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Differentiation of transformed and non-transformed human mammary luminal epithelial cells

Suzuki, Rami Noriko; (2003) Differentiation of transformed and non-transformed human mammary luminal epithelial cells. Doctoral thesis (Ph.D), UCL (University College London). Green open access

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Abstract

Differentiation and its therapeutic potential were examined in the context of breast cancer. First, hormonal induction of differentiation was investigated in vivo using human breast tissues obtained at the 12th, 15th and 18th weeks of pregnancy. Multiple immunofluorescence labelling for markers of proliferation and markers of differentiation demonstrated that human mammary luminal epithelial cells (HMLEC) were capable of proliferation when they were phenotypically and functionally differentiated. Second, pharmacological induction of differentiation was investigated in vitro using a longitudinal model of differentiation. This model was derived from a single parental line that represents immortalised but non-transformed HMLEC and consists of its transformed and control variants. Unlike horizontal models of cell lines obtained from different individuals, the longitudinal model allowed direct comparisons between transformed and non-transformed phenotypes as well as cause-and-effect correlation with a single oncogene such as ErbB2 and ras. The present study conducted immunofluorescence labelling analysis to ensure that the cell lines utilised in the model exhibited stable and expected phenotypes. Pharmacological agents were then examined for their growth inhibitory effects. It was demonstrated that TNF? selectively inhibited the growth of ErbB2 over-expressing variants. Molecular investigations revealed that TNF[alpha] down-regulated the transforming oncogene ErbB2 at both the mRNA and protein levels. This was accompanied by the down-regulations of p21 and p53 at the mRNA level. In summary, while differentiation does not coincide with loss of proliferative potential, certain pharmacological interventions can selectively inhibit the growth of transformed cells. Such effects can be accompanied by the down-regulation of transformation-associated genes. The in vitro model of breast cancer established in the present study provides a useful tool for further screening of pharmacological agents and studying the modes of drug actions.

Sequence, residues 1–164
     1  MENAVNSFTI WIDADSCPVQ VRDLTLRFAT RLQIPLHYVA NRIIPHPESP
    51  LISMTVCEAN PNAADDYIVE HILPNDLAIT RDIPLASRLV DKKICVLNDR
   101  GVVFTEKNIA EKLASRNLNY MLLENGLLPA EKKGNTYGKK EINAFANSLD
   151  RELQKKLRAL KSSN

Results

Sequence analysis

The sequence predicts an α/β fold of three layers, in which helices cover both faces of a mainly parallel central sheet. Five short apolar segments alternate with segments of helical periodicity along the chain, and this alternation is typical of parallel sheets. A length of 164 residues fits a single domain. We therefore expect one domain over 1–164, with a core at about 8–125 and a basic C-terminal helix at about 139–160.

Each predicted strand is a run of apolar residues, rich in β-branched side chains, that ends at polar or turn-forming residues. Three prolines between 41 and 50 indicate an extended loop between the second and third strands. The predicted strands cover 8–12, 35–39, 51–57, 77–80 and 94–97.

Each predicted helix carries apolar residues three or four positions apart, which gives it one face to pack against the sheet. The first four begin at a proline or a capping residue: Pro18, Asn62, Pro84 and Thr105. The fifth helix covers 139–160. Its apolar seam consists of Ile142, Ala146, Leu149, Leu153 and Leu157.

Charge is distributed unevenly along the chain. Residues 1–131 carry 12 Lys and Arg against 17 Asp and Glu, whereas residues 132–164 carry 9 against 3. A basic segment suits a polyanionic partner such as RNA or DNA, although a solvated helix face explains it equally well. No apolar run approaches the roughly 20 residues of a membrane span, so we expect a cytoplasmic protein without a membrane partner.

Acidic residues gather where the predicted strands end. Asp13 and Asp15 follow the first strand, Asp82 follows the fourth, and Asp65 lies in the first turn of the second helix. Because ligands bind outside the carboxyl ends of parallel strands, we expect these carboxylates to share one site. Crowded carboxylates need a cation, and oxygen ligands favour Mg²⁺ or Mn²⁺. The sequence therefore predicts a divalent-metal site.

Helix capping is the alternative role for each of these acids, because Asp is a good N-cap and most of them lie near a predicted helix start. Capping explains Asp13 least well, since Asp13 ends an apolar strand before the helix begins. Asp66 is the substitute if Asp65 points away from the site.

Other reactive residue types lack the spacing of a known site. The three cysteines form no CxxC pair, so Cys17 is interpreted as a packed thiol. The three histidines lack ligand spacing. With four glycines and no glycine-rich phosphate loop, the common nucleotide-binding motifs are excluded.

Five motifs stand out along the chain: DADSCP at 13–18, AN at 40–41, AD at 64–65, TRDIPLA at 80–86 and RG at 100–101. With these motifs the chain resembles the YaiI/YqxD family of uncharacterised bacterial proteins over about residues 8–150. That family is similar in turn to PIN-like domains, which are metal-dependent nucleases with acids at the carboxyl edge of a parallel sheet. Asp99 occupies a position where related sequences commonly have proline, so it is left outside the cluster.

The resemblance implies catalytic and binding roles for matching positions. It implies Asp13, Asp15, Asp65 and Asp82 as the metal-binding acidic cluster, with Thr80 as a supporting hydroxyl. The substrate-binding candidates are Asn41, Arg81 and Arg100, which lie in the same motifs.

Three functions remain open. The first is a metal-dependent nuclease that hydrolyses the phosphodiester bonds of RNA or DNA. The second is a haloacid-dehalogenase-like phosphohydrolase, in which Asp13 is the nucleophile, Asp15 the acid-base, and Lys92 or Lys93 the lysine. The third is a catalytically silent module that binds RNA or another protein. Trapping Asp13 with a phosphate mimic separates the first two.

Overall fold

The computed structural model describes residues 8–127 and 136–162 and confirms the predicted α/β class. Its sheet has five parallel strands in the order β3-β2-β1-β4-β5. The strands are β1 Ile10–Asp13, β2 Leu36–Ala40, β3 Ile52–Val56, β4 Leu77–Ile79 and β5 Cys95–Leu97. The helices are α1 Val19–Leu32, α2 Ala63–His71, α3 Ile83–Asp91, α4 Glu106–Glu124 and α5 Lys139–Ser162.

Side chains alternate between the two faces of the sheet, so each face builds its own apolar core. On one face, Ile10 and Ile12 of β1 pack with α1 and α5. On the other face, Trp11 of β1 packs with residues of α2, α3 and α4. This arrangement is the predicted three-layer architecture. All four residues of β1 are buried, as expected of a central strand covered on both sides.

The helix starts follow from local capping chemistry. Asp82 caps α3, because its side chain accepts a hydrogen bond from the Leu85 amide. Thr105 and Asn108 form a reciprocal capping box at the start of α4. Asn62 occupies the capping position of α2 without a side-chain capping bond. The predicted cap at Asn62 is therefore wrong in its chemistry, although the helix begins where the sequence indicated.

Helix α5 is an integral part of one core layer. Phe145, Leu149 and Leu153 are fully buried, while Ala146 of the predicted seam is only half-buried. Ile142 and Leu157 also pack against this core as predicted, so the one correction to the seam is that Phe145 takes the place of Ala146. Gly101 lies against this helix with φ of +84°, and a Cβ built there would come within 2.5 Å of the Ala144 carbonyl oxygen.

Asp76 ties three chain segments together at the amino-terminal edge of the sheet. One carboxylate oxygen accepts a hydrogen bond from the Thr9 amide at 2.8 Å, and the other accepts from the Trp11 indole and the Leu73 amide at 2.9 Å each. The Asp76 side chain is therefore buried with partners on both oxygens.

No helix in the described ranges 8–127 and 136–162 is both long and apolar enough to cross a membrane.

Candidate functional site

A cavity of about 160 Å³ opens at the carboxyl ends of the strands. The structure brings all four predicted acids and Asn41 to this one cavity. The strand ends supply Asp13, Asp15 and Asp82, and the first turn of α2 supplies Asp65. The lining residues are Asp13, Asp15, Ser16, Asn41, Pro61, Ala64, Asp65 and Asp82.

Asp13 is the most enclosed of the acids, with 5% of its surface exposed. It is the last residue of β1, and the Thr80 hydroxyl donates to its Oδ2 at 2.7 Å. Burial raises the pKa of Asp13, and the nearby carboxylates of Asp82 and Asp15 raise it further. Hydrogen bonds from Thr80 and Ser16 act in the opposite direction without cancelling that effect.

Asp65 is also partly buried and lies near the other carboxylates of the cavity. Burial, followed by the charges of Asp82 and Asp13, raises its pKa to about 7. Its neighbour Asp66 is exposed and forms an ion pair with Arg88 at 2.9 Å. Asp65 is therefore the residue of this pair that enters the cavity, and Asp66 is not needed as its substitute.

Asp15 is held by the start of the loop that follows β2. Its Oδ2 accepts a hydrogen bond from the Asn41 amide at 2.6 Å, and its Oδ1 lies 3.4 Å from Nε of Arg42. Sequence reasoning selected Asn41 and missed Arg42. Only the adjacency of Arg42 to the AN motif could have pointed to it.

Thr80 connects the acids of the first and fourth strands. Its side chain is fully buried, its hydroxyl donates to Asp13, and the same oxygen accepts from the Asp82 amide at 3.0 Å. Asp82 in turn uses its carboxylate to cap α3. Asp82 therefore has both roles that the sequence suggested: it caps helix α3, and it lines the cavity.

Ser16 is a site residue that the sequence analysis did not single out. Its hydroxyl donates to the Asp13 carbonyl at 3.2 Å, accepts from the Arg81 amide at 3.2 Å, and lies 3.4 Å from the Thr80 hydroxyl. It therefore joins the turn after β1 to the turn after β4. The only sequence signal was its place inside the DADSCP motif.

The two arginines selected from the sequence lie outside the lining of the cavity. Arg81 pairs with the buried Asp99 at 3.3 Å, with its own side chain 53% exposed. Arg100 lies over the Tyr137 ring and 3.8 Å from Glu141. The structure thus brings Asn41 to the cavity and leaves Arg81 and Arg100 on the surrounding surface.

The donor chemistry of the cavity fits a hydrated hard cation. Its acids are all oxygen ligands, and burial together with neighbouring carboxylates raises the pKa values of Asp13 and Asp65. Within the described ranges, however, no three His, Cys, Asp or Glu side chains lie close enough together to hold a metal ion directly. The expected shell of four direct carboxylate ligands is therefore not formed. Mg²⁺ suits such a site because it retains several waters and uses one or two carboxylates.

Type: Thesis (Doctoral)
Qualification: Ph.D
Title: Differentiation of transformed and non-transformed human mammary luminal epithelial cells
Open access status: An open access version is available from UCL Discovery
Language: English
Additional information: Thesis digitised by ProQuest.
Keywords: Health and environmental sciences; Breast cancer
URI: https://discovery.ucl.ac.uk/id/eprint/10104156
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